Americans spend more on their pets than ever before. By 2020, the U.S. pet industry is expected to reach $96 billion in sales, according to Packaged Facts, a market research firm. The 2017-2018 American Pet Products Association (APPA) National Pet Owners Survey notes that 68 percent of U.S. households own a pet, which equates to 84.6 million homes.
Dog and cat products and services drive the majority of sales for pet stores, but if you look deeper into the numbers, you’ll notice that 20 percent of sales are in the aquatic and reptile categories. Another interesting fact, according to the APPA survey, is the number of aquatic and reptile pets owned in the U.S. (represented in the millions): freshwater fish, 139.3; saltwater fish, 18.8 (excluding corals); and reptiles, 9.4.
So why key into the aquatic and reptile 20 percent when dog and cat categories account for as much as 60 percent of sales? The answer is that big box stores have concentrated their inventory investment in the dog and cat categories. If you walk into a Walmart or PetSmart today and you’re a saltwater aquarium hobbyist, you will find very few products on their shelves that you recognize in the way of popular brands. Petco performs somewhat better in brand recognition, but its space dedicated to saltwater is only about 10 feet, and with the exception of its magnet stores, high-end trending products are missing entirely.
What the big box stores don’t seem to realize is that hobbyists talk among themselves and are always looking for new and improved brands. So what ends up happening is that big box stores appeal mainly to beginners and end up eventually losing those customers to aquatic specialty stores, or full line stores with a good aquatic department, as they delve deeper into the hobby.
Unlike dogs and cats, aquatic and reptile animals need specialized care. As an example, a 29-gallon aquarium has to provide life support within the relatively small enclosed space provided, and if the environment isn’t just right, the fish won’t survive for long. The same can be said for captive reptiles in an enclosed terrarium environment. Therefore, consumers who own these types of pets will eventually be drawn to the pet specialty stores for information. And if handled properly, this gives the independent retailer an opportunity to retain the customer.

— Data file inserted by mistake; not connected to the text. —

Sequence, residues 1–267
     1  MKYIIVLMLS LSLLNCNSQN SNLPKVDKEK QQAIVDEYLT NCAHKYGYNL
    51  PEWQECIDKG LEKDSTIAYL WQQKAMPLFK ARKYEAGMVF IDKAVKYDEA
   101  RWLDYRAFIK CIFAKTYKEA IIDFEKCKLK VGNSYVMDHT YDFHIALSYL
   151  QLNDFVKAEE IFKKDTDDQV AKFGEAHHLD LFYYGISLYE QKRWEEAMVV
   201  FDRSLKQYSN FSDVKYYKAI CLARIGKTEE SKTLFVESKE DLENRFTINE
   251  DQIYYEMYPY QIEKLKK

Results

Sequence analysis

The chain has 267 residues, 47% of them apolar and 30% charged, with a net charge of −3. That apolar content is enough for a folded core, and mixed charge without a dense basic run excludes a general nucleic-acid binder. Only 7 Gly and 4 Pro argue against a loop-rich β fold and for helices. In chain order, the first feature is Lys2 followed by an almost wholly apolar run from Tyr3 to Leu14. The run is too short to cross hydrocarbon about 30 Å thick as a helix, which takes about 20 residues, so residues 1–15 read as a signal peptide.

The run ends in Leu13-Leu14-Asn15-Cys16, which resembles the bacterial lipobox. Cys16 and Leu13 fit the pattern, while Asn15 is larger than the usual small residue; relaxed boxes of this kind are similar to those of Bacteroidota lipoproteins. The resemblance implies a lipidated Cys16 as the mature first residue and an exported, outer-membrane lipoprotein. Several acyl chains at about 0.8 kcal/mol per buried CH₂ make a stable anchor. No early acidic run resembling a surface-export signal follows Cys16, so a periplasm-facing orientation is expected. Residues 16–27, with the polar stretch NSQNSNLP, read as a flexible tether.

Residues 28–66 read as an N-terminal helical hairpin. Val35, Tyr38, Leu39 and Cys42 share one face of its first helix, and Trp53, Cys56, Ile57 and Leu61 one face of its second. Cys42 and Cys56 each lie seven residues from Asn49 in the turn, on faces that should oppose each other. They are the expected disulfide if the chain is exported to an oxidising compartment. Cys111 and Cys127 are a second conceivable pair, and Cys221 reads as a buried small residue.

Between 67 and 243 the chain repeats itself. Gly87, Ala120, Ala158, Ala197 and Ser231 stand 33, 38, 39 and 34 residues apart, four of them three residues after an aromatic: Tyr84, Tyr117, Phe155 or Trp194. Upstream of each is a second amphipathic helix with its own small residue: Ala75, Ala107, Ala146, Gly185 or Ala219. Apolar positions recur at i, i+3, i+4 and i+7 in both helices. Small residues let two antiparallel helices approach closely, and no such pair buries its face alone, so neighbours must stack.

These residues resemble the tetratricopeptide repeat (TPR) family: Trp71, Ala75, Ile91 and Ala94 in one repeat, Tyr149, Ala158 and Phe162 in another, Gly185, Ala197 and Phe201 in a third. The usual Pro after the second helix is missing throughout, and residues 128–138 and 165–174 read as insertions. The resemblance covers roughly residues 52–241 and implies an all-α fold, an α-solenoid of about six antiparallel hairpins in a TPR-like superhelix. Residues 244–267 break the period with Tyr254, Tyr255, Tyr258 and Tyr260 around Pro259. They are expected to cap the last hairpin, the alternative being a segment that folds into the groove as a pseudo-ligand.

I do realize that the internet is a major factor these days. Walmart is in the process of developing its online presence into a mini-Amazon, and PetSmart and Petco’s acquisitions of major online entities have made the big box chains credible online competitors. Even with their online growth, they will still struggle to find viable ways to service livestock sales over the internet, giving brick and mortar pet specialty retailers another opportunity to capture sales.
The most important thing any retailer can do to compete with big box stores and the internet is to make the in-store buying experience as enjoyable and easy as possible. Worrying about every sale and obsessing over every penny of profit won’t build sales. In this 21st century economy, being willing to negotiate pricing is as important as having a decent inventory selection.
If you are spending the time to keep abreast of pricing trends and reflecting that in your store pricing and if you’re willing to do a little negotiating when it will close the sale, then you can compete against pretty much anyone. Aquatic and reptile product pricing isn’t as sensitive as the price of dog food, which has a full range of quality levels and price ranges that can be bought through mass, regional chains as well as from independent pet retailers.
Consider what your in-store experience is worth to your customers. Be upfront with them on your pricing, work with a basic formula and be able to justify why your pricing may be higher than someone else’s. And most importantly, if you do lose a sale, be gracious about it; dropkicking the customer out of your store won’t encourage sales growth and will probably earn you a negative online consumer rating.